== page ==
Getting tested for hepatitis is as easy as A, B, C
With hepatitis A’s big comebac k this year, Utahns are more aware than ever of this disease.
However, prevention efforts on the public level still have a long way to go. While people can get a vaccine to prevent hepatitis A, there is another form of the disease people should be aware of for which there is no vaccine.
Hepatitis C can affect anyone, but baby boomers and drug users have a higher risk for the disease. And since a person could be infected and not have any symptoms, it is important to get tested for the illness. Here are a few things you should know about hepatitis C:
Sharing needles puts you at risk, but so does your age
Hepatitis C can be spread through infected needle s, so sharing a needle or getting a tattoo or piercing with an infected needle puts you at risk. Getting donated blood or organs from an infected person can also spread the illness. Baby boomers — people who were born between 1945 and 1965 — have a higher risk of having hepatitis C, as is anyone who received blood or an organ before 1992.
You may not have any symptoms
Hepatitis C is an infamously stealthy disease: You could have hepatitis C and not know i t. Once the symptoms do manifest, though, you could experience fatigue, loss of appetite, dark urine, nausea and vomiting. If hepatitis C becomes a chronic infection, it can cause weakness and severe fatigue.
A test can tell you if you’ve been infected
If you are at risk of having hepatitis C, you should visit your doctor to get teste d. A blood test can tell you if you have ever been infected. If that test is positive, a follow-up test will determine if you currently have the infection.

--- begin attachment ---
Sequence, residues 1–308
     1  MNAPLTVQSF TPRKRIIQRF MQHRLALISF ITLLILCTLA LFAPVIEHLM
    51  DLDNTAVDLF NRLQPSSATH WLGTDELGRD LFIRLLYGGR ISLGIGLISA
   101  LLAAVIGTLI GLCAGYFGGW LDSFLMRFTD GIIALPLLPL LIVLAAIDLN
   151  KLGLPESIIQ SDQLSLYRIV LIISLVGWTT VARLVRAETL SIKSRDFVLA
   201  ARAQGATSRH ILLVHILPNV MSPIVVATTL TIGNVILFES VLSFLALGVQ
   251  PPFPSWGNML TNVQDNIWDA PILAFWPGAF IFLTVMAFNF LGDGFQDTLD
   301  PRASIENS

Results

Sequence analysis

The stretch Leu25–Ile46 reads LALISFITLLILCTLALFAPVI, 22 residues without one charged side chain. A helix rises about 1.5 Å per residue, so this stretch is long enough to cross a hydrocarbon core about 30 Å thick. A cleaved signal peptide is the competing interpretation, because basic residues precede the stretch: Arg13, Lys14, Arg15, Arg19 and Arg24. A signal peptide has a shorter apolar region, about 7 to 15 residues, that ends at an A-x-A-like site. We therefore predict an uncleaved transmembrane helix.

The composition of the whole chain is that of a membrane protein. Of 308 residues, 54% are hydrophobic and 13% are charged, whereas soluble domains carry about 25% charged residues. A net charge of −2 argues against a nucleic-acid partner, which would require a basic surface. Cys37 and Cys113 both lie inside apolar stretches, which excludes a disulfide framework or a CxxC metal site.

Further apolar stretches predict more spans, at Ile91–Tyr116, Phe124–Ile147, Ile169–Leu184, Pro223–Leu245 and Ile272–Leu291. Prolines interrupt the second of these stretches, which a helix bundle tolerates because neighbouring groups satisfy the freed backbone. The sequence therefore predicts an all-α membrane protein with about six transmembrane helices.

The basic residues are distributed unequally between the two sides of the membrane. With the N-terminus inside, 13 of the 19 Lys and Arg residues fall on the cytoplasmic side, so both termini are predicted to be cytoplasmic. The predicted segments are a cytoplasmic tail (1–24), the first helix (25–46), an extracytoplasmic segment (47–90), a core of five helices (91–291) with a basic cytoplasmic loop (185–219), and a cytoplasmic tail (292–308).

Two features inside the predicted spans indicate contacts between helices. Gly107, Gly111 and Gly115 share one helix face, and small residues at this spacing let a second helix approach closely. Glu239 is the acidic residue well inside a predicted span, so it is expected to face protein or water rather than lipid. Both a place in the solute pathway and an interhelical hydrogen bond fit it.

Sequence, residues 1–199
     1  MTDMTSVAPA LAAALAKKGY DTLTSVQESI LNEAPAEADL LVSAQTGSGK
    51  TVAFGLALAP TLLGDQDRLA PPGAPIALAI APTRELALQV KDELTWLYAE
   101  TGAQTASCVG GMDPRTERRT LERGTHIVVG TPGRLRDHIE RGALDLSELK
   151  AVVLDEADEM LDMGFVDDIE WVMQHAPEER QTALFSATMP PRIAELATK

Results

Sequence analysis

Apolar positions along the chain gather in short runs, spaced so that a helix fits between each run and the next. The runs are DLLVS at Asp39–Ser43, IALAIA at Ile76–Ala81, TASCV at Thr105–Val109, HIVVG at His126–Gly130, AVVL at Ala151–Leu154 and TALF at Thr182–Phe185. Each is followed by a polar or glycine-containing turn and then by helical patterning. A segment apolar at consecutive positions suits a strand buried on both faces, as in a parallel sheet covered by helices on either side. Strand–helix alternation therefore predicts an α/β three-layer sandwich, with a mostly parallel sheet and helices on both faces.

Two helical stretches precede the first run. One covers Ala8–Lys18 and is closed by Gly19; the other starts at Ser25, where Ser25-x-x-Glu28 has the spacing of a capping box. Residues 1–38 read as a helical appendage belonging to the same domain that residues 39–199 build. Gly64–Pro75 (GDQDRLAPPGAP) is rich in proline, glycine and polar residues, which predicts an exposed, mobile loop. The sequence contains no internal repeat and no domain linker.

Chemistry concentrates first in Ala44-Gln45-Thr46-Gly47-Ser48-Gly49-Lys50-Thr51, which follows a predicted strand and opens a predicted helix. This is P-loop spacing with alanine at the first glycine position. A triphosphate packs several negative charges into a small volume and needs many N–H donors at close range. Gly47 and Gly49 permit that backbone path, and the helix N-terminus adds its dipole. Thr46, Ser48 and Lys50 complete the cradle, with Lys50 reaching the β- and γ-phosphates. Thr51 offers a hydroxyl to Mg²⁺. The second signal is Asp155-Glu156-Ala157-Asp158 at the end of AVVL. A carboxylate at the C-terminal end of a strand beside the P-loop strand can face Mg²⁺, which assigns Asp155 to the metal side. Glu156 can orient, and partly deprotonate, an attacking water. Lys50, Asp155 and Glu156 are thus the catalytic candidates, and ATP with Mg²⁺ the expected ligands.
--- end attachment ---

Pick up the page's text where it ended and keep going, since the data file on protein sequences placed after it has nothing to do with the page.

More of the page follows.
Hepatitis C can be treated
If you have hepatitis C, it could be an acute or chronic condition. Acute infections may go away on their own and won’t need treatment. After six months, however, the infection may need to be treate d. The good news is that treatments have gotten much better in recent years, and 90 percent of patients will be cured of the disease with medication.
“There is no vaccine for hepatitis C, but there are very effective drugs to treat it,” said Theresa Coffin, infection preventionist at Lakeside Special Care Cente r. “Even if people have not had any symptoms of the disease, it is important to be tested and begin treatment to prevent long-term liver damage.”
Don’t skip treatment, even if you aren’t sick
It is important to talk to your doctor about whether or not your illness needs treatmen t. Many people will not have any symptoms of hepatitis C, even if the infection is chronic, but they still need to be treated. If the infection does not go away on its own, it could cause permanent liver damage, which could lead to liver cancer.
You may not think you have hepatitis C, but if there is any chance you are at risk, you should take the time to be tested. It is better to get treatment than to wait until it is too late and your liver isn’t functioning properly.